But did he fall down in faux excruciation and grab his knee after he misses? No? Wake me when the European Cup is over.
Maybe I’m Being Too Hard
I’ll admit that historically I’ve probably been a bit too hard on The Beautiful Game. Kay-Kay and I have been in Europe for three World Cups and it’s impossible not to get swept up in the excitement. As long as the team from the country you’re in keeps advancing, that is.
We were in Rome for a month in 2014 when the national team didn’t make it out of the Group Stage, losing to Uruguay and (gasp!) Costa Rica. The Italians proved to be Very Bad Losers that year. They took down the jumbo screen in the Villa Borghese and shunted away the big screens in the piazzas. All the cafés in our neighborhood immediately canceled their SkySports World Cup subscriptions. We had to schlep all over to some Irish pub across from the Vatican walls to see the USA lose in the elimination round.
But Now It’s Everywhere
All of this makes me wonder why, all of a sudden and without warning, I’m seeing European Cup matches everywhere. During the run of the tournament, I’ve witnessed matches in a hotel bar and a creole restaurant in New Orleans. Then in a farm-to-table restaurant and a seafood joint on the Alabama Gulf Coast. And in both a gourmet taco bar in Greensboro, North Carolina, and a gastropub back home in Virginia.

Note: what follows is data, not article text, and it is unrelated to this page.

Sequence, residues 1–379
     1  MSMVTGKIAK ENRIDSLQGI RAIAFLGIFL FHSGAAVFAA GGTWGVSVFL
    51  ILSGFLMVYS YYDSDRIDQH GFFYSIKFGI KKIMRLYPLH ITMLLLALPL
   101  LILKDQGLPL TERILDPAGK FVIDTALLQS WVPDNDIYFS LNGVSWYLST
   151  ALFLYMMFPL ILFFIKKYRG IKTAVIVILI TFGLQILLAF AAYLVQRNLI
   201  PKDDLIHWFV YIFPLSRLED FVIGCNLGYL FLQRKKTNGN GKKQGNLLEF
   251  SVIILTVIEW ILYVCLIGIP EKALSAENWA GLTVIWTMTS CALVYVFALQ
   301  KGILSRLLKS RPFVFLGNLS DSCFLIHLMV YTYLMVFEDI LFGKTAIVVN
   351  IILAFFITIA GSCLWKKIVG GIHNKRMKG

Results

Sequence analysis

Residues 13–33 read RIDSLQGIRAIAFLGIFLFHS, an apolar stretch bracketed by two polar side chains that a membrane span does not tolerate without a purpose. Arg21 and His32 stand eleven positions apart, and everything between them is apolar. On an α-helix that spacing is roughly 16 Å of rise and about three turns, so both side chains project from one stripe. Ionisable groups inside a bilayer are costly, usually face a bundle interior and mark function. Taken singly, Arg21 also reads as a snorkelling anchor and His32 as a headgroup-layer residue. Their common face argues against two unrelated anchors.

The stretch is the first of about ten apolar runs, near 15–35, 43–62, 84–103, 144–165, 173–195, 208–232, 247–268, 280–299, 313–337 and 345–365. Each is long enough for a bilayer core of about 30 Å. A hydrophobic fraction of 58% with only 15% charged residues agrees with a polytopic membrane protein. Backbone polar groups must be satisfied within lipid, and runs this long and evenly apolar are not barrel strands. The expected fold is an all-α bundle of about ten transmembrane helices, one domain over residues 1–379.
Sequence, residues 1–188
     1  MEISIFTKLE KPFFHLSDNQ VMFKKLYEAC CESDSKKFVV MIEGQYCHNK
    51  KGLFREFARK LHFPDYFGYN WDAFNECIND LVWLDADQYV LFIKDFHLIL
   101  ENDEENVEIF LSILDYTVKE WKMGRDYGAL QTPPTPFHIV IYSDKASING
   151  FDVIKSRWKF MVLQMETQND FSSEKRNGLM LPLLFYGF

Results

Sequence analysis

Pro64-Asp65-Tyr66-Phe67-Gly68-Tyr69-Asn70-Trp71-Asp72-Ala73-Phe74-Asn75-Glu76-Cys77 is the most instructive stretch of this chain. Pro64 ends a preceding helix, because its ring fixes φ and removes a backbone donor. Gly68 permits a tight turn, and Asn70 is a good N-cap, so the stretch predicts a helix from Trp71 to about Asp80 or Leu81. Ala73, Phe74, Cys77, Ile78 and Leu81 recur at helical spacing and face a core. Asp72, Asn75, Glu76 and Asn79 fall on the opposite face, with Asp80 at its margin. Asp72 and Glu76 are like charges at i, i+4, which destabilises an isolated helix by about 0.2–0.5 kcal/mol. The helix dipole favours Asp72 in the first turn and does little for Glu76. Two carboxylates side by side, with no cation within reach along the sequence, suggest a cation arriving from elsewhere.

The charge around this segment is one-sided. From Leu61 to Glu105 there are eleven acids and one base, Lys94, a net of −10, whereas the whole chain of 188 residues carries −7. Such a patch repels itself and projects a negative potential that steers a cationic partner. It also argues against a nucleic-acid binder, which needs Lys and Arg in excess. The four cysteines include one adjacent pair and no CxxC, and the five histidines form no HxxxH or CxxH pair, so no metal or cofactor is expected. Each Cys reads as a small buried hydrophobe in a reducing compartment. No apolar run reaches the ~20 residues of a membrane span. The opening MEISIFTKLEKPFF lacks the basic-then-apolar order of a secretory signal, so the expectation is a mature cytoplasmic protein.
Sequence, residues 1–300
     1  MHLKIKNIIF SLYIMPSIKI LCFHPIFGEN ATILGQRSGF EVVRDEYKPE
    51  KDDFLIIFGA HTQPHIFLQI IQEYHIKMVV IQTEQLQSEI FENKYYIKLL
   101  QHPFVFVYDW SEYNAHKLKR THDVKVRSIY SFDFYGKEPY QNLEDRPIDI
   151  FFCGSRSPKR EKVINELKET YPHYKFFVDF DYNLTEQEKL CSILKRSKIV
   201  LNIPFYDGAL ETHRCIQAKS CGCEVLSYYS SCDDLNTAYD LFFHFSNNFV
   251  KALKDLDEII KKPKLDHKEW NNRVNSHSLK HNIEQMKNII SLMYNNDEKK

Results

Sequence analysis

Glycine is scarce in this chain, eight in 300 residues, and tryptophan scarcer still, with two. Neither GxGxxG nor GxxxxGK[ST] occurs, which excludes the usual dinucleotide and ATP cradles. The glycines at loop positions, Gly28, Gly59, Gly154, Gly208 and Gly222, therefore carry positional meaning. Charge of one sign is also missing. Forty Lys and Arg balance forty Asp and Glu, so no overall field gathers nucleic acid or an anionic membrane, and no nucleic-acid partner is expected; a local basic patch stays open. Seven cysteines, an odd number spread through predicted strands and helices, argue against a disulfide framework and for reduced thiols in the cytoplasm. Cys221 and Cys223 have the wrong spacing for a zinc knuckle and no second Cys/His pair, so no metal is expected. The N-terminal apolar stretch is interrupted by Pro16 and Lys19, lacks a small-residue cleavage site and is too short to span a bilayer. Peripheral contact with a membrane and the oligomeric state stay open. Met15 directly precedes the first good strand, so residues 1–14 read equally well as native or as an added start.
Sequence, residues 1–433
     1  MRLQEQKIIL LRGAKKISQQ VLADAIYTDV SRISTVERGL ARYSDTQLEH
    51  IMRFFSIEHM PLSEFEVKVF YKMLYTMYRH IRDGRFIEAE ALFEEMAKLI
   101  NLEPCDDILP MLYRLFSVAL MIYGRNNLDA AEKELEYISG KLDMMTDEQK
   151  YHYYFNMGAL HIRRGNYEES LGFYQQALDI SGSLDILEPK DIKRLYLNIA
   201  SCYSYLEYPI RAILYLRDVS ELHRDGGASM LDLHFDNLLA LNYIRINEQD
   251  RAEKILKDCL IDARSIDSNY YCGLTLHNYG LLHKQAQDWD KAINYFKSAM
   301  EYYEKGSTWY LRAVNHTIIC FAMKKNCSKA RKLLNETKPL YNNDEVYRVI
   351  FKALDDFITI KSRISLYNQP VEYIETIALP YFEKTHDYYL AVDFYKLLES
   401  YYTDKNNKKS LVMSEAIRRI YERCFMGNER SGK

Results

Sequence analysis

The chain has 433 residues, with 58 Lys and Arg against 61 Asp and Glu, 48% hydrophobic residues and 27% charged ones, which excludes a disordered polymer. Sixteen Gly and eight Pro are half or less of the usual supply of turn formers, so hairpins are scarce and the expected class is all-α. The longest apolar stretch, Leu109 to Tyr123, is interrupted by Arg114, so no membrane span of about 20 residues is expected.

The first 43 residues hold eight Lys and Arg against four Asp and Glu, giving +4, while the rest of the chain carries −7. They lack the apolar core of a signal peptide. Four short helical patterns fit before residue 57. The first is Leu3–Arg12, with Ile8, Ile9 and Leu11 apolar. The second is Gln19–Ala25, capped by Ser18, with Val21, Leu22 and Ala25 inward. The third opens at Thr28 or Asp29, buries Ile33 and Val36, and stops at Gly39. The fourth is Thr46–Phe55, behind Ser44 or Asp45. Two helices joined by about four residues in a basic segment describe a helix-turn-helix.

It isn’t like there weren’t other sporting events available besides European Cup matches. It’s the middle of baseball season, after all. The Stanley Cup playoffs were ongoing. There were all the Olympic qualifying meets, including with the greatest living American athlete, Simone Biles, levitating and astral projecting herself in gymnastics.
I’m at a loss. I really am.
The only plausible explanation I can offer is that perhaps, after two full generations of Americans having grown up playing soccer at some level, it’s finally starting to stick. Perhaps soccer—we’ll never call it “football” here—is at long last gaining traction?
I’m OK with that. As long as they keep up with the excellent faking of injuries, I’ll be good. And it’ll make us a little more integrated into the international sporting world. That can’t be a bad thing.
So it all comes down to Italy v. England today. As for me and Kay-Kay, we’re supporting the Italians–gli Azzuri–in the final because we lived there for three years back in the ’90s. More importantly, as a proud Irish-American, my favorite team is always the next one to beat England. Forza Azzuri!
Any opinions on soccer in America? Or explanations for the sudden popularity of European Cup matches here? I’m willing to be schooled in the Comments, below.